About 150 rhizobacteria and 49 rhizosphere fungi were isolated from the rhizosphere of grasses and sedges at Nylsvley Nature Reserve, Limpopo Province, South Africa. The rhizobacterial isolated were mostly Gram negative (72%) and rod shaped (73%). The dominant fungal genera were Trichoderma, Aspergillus, Pencillium, Neosartorya and Fusarium. The antagonistic activity of the above isolates were determined in a dual culture assay against a range of plant pathogens namely Colletotrichum gloeosporioides, Pythium irregulare, Penicillium digitatum, Fusarium solani and Geotrichum candidum. All rhizosphere fungal isolates showed positive antagonism against G. candidum (100%) and F. solani (100%). The rhizobacterial isolates showed positive antagonism against G. candidum (71%) and C. gloeosporioides (76%). The growth promotion and biocontrol activity of the rhizosphere isolates that showed broad-spectrum antagonistic activity against the fore mentioned pathogens were further evaluated on Canadian peat substrate under greenhouse condition. Although most of the rhizosphere isolates resulted in improved fresh leaf weight in comparison with the non-inoculated control in final growth promotion experiments, no statistical difference could be found in increasing leaf weight by one of the tested isolates. Some isolates and BactolifeTM prevented root infection by Pythium. However, only isolate 68B showed significant prevention of root infection compared to the Pythium inoculated control. The selected rhizobacteria, fungal and commercial biocontrol products that showed the most effective growth promotion and biocontrol activities were further evaluated in a re-circulating hydroponic system. Overall, isolate BSB (Bacillus subtilis) consistently enhanced the fresh leaf and root weight by 29.82 and 24.31% compared to the untreated control. Treatments with rhizobacteria isolate 91B and 43B significantly increased fresh leaf weight and suppressed Pythium root infection of lettuce. Isolate 91B and 121B significantly decreased the incidence of Pythium after the 1st and 2nd week of inoculation respectively. The combination of rhizobacteria BSB and 43B showed a synergistic effect as reflected in increased fresh leaf weight and total biomass per plant whilst suppressing root rot caused by Pythium group-F. Copyright 2003, University of Pretoria. All rights reserved. The copyright in this work vests in the University of Pretoria. No part of this work may be reproduced or transmitted in any form or by any means, without the prior written permission of the University of Pretoria. Please cite as follows: Begashaw, L 2003, Utilisation of rhizosphere microflora in the biocontrol of root rot and growth enhancement of lettuce under hydroponic systems, MSc dissertation, University of Pretoria, Pretoria, viewed yymmdd < http://upetd.up.ac.za/thesis/available/etd-05092005-103113 / > E642/ag</gm>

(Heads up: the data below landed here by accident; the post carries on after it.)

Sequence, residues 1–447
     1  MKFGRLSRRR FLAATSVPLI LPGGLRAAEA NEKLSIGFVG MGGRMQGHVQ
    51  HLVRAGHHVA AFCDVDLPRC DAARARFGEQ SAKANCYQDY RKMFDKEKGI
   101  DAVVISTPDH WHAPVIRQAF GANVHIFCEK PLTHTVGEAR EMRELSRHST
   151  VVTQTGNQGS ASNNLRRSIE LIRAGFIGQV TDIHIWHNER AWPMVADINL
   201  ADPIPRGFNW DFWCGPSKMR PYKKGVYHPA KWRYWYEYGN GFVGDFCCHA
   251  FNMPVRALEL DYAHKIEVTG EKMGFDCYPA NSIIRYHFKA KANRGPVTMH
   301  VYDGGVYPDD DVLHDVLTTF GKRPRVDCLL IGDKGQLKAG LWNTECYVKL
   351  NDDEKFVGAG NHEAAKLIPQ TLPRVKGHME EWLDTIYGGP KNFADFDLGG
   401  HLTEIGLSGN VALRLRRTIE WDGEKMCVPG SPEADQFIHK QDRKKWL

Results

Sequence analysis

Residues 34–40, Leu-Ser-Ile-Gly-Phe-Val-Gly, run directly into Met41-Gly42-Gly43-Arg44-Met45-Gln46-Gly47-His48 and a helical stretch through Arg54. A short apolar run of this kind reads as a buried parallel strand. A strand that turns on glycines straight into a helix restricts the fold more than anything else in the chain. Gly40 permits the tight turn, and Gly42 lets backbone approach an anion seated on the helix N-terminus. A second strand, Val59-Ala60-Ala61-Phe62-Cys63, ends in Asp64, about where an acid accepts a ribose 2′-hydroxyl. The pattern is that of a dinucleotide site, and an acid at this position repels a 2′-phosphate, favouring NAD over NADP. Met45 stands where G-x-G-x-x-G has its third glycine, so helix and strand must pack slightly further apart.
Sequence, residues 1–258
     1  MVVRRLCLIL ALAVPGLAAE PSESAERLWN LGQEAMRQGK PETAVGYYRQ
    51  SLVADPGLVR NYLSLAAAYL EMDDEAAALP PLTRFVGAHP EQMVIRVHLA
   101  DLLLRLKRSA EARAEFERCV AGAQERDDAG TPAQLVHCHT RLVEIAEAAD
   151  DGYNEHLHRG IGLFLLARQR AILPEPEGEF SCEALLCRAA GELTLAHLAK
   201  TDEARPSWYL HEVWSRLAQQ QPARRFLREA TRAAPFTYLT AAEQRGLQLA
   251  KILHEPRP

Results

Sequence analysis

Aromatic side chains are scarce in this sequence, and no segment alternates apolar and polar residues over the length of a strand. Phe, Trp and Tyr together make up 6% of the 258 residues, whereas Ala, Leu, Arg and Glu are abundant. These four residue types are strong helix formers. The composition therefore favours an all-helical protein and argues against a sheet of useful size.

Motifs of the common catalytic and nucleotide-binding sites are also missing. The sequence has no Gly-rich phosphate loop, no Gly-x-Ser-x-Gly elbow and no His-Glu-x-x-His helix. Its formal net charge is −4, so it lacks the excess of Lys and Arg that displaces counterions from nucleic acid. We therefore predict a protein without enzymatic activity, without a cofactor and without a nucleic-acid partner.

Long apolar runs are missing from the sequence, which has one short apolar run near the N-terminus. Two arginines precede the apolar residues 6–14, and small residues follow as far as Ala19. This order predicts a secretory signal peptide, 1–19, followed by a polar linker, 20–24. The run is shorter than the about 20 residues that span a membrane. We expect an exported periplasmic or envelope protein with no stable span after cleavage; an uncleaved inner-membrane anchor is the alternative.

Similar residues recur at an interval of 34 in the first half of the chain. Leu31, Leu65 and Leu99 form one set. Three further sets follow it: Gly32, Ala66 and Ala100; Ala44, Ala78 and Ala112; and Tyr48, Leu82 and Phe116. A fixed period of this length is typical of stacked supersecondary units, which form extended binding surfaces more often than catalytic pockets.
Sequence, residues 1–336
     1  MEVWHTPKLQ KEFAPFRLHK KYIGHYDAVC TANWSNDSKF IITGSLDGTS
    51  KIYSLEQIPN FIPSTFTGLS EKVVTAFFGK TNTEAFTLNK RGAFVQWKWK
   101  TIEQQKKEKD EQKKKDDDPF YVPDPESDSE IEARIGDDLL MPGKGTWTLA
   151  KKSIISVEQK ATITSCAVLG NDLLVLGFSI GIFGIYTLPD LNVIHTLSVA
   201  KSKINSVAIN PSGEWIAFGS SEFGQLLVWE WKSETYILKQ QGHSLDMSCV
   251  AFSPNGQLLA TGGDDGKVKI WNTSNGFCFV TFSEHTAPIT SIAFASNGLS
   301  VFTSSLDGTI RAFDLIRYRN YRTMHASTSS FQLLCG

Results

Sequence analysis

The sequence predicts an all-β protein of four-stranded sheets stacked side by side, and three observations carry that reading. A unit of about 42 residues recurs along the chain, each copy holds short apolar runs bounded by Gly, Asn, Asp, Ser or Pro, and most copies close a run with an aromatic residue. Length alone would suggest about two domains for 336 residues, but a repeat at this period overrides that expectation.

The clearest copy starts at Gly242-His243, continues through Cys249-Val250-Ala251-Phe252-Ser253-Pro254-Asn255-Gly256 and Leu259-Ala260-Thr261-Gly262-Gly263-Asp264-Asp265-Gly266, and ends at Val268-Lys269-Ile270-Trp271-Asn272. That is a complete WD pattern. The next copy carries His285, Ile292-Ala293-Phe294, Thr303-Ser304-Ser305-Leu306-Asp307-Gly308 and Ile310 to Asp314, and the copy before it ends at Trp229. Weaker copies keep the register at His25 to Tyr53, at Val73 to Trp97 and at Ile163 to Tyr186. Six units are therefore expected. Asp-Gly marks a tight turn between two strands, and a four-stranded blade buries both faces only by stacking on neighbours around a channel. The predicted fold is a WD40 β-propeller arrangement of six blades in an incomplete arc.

Dissertation (MSc (Agric))--University of Pretoria, 2006.